New Face of Retirement:
An Ongoing Survey of American Attitudes on Aging
Summer 2002, Civic Ventures undertook its second national survey
focusing on the attitudes of the next generation of retirees toward
continuing to contribute to society. The effort was conducted by
Peter D. Hart Research Associates of Washington, D.C. and was funded
by the David and Lucile Packard Foundation.
Conducted from July 22 to July 31, 2002, the poll includes 600 older
Americans aged 50 to 75, including 300 volunteers and 300 non-volunteers.
The results were released August 19, 2002.
The survey findings show that Sept. 11 appears to have had a galvanizing
effect on older Americans and their retirement plans. Forty
percent say they are more likely to serve as a result of the Sept.
11 attacks, and more than half are planning to make service a centerpiece
of their post-retirement years.
In contrast to the 40 percent who say they are more likely to volunteer
as the result of Sept. 11, only 10 percent say the recent economic
downturn has made them less likely to serve. The true significance
of these statistics lies in the demographics. As the Baby
Boomers move into later life, they will comprise nearly 25 percent
of the population in a quarter century. Their behavior will
have enormous direct social impact and set the tone for older Americans
in the coming decades.
here for copies of the survey
analysis and survey
Other findings from The New Face of Retirement
Attitudes About Retirement and Civic Engagement:
in five (59 percent) see retirement as “a time to be active
and involved, to start new activities, and to set new goals.”
who plan to work in their retirement cite the desire to stay active
and productive, rather than economic necessity, as the reason.
percent say civic engagement will be at least a fairly important
part of retirement
percent report having volunteered in the past three years, with
one-quarter of those devoting at least five hours a week.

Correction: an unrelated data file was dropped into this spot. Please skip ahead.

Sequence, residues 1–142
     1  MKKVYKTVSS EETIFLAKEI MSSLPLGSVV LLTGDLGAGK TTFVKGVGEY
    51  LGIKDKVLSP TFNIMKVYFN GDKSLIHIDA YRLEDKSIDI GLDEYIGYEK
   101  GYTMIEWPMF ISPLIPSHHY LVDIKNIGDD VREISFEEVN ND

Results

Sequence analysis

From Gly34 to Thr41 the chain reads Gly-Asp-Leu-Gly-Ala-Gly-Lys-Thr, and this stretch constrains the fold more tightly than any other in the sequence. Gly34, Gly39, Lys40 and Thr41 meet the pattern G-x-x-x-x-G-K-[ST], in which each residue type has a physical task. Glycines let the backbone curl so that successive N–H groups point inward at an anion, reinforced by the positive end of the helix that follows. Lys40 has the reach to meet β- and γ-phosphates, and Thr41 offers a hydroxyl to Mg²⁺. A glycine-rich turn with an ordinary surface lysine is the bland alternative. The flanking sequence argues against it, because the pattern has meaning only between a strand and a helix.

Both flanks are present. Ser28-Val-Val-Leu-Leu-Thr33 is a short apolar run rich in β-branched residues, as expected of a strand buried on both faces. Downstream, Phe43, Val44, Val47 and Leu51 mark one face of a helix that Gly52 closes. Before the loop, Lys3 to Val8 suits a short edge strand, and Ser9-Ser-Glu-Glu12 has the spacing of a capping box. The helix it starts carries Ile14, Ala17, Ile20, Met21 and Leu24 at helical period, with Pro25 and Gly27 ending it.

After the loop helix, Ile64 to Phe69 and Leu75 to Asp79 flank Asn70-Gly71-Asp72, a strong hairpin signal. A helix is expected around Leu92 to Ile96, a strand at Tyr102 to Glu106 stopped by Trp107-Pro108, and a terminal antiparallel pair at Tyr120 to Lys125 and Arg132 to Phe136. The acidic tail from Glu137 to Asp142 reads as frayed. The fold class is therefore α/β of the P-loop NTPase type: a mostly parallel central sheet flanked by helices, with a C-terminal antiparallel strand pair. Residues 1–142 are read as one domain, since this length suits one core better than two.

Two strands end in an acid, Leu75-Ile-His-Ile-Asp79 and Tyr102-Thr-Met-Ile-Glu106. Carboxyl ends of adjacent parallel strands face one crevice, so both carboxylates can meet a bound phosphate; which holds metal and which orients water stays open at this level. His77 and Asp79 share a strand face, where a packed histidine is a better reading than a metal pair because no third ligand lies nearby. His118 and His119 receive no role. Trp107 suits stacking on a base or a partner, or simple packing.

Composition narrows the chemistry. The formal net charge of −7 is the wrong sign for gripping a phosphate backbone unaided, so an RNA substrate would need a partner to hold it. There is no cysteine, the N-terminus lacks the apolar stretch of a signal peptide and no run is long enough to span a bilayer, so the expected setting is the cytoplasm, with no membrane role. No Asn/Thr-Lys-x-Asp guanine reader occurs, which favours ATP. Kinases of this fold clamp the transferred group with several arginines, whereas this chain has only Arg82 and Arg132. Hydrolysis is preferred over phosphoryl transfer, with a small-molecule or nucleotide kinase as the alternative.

additional 21 percent of older Americans would commit at least
five hours a week to volunteering if they received a small incentive
for their service, doubling the current older adult volunteer
workforce, from 25 percent to 46 percent. Nearly one in three
older adults say they would serve 15 hours a week for such an
in five non-volunteers who are interested in volunteering at least
15 hours a week name prescription-drug benefits as their most
with children was found to be the most appealing volunteer activity
among older adults, with 35 percent seeing that as most enjoyable,
followed by service to religious organizations, other seniors,
than half (52 percent) believe that the government should do more
to fund programs that provide volunteer andcommunity involvement
opportunities for older adults. Currently, only 2.6 percent
of the dollars going into AmeriCorps are for older Americans,
while 75 percent of the dollars into Senior Corps are restricted
to low-income seniors.
Selected press from the release of The New Face of Retirement
Tribune, “Tapping Into 'An Enormous Resource,'” by
Lindsay Peterson, September 3, 2002
Washington Times, “Survey Says Stipend Would Encourage Seniors
to Volunteer,” by Amy Fagan, August 29, 2002
Hill, “A Helping Hand Sept. 11 was Turning Point for Volunteer
Organizations' lobbying,” by Michael S. Gerber, September
Newswire, “New Poll Finds that September 11th Attacks Inspire
Call to Service by Older Americans,” August 27, 2002
Miami Herald, “Older Folk Think World is Worse but
Feel Volunteer Urge, Poll Says,” by Sumana Chatterjee, August
Free Press, “More Older Adults are Volunteering; 9; 11 Attacks
Lead to Extra Involvement, Poll Says,” August 26, 2002